The move towards touchscreens has been like watching a tsunami, physical buttons and switches slowly fading out of view before a wall (occasionally quite literally) of piano black sweeps over the dashboard displacing everything in its wake. In some cars they’re undoubtedly well executed, and in some arguably even aesthetically pleasing – the Honda E’s lounge-like cabin is joyful. But the best still retain physical controls, and in reality we’re pining for the days that switches, knobs and buttons controlled almost everything, and usually without a five-second glance to discover their location. Try setting the fan speed, temperature and air direction without taking your eyes off the road and you’re likely to come a cropper.
Whatever you think of BMW’s exterior styling right now, there’s a similarly divisive topic inside the cars’ cabins too: the instrument cluster. For decades BMW’s instruments have been some of the best in the industry for clarity – typically white numbers on black backgrounds, large-format speed and engine revs dials, and even a handsome font, backlit for similar legibility at night. Now though you’ll find two roughly hexagonal counter-rotating bar graphs, their needles far from eye-catching, and typically cluttered by other information squeezed between them. There must be a better way to present information digitally – and until we find it, we’d much prefer clear analogue dials.
Fresh air vents
Let’s get one thing straight: air conditioning is great. Being able to set a comfortable temperature doesn’t just make life more pleasant, it makes driving safer too, as you’ll understand if you’ve ever driven in miserable, cloying heat without it – or had to demist windows. But there’s something elementally satisfying about the old-school method of admitting air in old Land Rovers, or Citroën 2CVs, where you simply open a physical vent beneath the windscreen. They were amazingly effective too, the direct draught working in a way that dropping a side window never could. Extra nostalgia points if you can open the whole windscreen, as a split-screen VW bus allowed.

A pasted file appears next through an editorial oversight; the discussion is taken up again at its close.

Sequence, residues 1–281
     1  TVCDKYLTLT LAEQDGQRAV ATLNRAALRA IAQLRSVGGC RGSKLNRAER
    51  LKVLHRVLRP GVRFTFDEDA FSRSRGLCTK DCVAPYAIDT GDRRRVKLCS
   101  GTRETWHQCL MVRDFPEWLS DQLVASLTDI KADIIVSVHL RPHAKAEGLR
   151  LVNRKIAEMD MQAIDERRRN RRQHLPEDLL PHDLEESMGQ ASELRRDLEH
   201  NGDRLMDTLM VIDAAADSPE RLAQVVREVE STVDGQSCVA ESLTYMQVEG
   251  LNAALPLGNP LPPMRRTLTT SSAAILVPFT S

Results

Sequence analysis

Manual handbrake levers
There are still a few bastions of this mechanical operation present in the new car world, but it’s not difficult to imagine a time when they disappear entirely. There are the usual sensible reasons for it – automatic handbrakes self-adjust, the switches take up no space, and they can be rolled in with other electric features such as hill-hold assist. But the traditional handbrake persisted for so long because it actually worked rather well. It’s a simple thing to use (for the most part – Mercedes could be baffling for newcomers), and importantly it’s analogue rather than digital, serving as an effective backup brake in emergencies and making the simple hill-start a wonderfully intuitive process. Or pretending you were Jean Ragnotti on a suitably spacious bit of private land…
There comes a point in every car enthusiast’s life where the idea of scraping along the ground in something low-slung no longer appeals. Perhaps that’s why the “Safari” 911 craze has taken off. Anyone actually able to afford a 911 is probably old and wise enough to be bored of dodging potholes and clattering their alloys against kerbs. Back in the day though you could get this benefit from almost anything, as cars offered greater ride heights and plenty of suspension travel fresh from the factory, without resorting to the modern trend of enormous SUV-like bodywork and two-ton kerbweights. A small salute instead to the Volvo Cross Country and Audi Allroads of the world for keeping long-travel suspension alive in “normal” cars.